Almost 40 percent of the District's public school teachers and nearly half of their students were absent yesterday as the city schools remained open on Good Friday for the first time in memory.
Superintendent Floretta D. McKenzie decided Thursday that classes would be dismissed at 12:30 p.m. because of fears of massive absenteeism by teachers.
The Washington Teachers Union, which had objected to dropping the traditional holiday and had encouraged teachers to take the day off for religious observances, had estimated that about 80 percent of the District's 5,200 teachers would be absent.
Both school and union officials speculated that the number of absent teachers had been reduced by McKenzie's decision to close school early. The attendance figures were provided by Janis Cromer, the superintendent's spokeswoman.
"I think the concerted action by the teachers has certainly indicated to the school board how sensitive this matter is," union President Harold Fisher Jr. said yesterday. "I do not think they will vote not to include Good Friday in the spring break next year. If they do, I will be very surprised."
School board President R. David Hall could not be reached for comment yesterday. Earlier he had urged that teachers be given the day off, but the move was blocked at a meeting Thursday when the board failed to muster enough votes to reconsider the decision it made last year to start spring vacation on the Saturday before Easter instead of following the custom of closing for Good Friday.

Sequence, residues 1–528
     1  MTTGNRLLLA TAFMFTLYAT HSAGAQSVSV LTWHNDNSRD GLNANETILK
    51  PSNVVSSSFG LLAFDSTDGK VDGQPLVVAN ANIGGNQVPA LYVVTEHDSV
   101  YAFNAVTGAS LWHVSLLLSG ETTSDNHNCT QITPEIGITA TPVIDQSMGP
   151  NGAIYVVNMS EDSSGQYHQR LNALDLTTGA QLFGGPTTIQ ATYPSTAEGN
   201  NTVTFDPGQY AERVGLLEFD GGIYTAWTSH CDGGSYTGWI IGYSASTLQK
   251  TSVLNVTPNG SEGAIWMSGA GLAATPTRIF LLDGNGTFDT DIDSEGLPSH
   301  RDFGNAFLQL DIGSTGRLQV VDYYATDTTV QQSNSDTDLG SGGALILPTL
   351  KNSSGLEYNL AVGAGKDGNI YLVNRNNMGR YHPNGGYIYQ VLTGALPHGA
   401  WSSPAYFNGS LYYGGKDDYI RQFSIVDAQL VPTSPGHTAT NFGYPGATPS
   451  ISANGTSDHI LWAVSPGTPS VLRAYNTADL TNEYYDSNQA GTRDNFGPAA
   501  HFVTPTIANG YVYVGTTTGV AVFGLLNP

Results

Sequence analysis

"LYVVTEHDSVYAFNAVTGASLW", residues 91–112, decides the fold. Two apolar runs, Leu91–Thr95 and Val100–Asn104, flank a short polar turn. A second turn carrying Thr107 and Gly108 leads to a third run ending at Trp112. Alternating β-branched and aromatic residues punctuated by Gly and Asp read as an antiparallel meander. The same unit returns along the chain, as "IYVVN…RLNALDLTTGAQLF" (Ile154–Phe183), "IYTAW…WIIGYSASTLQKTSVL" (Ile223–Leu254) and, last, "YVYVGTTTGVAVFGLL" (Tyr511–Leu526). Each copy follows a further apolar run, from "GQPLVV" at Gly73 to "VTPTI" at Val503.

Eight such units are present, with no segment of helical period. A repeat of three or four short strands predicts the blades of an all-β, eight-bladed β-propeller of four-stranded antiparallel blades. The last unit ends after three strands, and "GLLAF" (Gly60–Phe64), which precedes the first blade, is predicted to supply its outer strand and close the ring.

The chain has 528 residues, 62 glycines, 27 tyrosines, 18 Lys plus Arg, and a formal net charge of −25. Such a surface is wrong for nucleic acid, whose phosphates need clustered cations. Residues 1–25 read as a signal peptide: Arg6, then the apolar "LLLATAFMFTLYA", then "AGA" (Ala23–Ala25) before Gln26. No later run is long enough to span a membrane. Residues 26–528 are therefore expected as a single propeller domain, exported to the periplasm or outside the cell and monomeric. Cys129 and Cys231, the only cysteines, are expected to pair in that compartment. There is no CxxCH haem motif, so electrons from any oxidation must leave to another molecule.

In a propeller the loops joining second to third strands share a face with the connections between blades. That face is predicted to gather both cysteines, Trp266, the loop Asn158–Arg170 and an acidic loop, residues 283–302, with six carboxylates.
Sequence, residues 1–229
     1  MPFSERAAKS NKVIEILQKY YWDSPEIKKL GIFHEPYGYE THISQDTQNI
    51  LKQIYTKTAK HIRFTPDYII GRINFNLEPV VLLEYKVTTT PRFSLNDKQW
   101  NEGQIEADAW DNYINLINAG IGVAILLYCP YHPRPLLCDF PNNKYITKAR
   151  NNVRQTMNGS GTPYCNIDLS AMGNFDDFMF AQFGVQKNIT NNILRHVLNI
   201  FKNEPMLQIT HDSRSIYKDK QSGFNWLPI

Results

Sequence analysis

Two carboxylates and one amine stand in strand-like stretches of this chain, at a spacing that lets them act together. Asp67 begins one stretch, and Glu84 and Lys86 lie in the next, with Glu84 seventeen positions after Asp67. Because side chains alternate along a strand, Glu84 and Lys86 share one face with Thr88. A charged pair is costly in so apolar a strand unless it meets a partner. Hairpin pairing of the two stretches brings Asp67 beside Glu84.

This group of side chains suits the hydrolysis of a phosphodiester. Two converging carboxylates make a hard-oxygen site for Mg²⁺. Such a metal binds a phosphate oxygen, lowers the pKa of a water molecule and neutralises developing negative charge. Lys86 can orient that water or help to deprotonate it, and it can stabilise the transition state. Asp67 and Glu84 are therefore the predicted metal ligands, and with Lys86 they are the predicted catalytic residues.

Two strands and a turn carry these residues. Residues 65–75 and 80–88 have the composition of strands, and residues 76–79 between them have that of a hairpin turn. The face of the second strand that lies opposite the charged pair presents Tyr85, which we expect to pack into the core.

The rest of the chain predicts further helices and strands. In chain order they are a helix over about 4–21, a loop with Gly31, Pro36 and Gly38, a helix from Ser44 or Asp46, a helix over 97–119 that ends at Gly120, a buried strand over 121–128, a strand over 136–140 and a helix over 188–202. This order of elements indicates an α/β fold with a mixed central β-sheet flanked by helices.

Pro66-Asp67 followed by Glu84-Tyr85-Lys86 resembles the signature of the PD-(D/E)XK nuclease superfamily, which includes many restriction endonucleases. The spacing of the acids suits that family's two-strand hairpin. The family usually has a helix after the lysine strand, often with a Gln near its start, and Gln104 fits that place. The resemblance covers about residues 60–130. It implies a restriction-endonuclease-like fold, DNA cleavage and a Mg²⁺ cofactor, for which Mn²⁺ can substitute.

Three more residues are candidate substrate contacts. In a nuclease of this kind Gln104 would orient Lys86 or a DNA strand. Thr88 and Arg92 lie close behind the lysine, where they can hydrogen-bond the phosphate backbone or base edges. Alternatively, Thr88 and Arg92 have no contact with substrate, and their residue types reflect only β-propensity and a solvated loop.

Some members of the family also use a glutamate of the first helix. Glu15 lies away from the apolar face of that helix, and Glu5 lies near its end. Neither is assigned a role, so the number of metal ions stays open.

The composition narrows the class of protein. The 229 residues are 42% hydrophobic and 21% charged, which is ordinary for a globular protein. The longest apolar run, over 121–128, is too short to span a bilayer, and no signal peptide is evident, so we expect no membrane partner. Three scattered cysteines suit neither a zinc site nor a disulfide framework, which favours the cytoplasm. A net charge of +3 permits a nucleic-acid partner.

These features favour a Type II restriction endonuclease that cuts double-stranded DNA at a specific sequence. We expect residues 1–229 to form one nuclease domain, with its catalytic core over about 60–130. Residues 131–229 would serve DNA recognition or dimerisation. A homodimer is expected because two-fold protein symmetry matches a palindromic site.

The union has filed charges of unfair labor practices against the school board for changing the traditional school calendar without negotiating with the union or consulting it. The changes also included having teachers start work in late August, a few days before Labor Day, so that classes can end earlier than usual in June. The board said it had approved the changes, which McKenzie did not recommend, to make it easier for students to get summer jobs.
Fisher said the D.C. Public Employee Relations Board is expected to rule on the union charges soon.
Teachers who were off yesterday took a day of personal leave, which is allowed under the union contract. But Fisher said the school board should have granted administrative leave "in the interest of religious freedom" and not charged the time against the three days of personal leave a year that each teacher is allowed.
Cromer said yesterday's half-empty schools reported no major problems as substitutes and parent volunteers filled some of the gap left by the absent teachers, but she acknowledged there was far less teaching than usual.
For example, at Francis Junior High School at 24th and N streets NW, most students spent the morning watching films in the auditorium or playing soccer outdoors. "Because of the lack of staff, some students filtered out on their own," said Principal Gary Geiger. "It just wasn't possible to run our normal classes."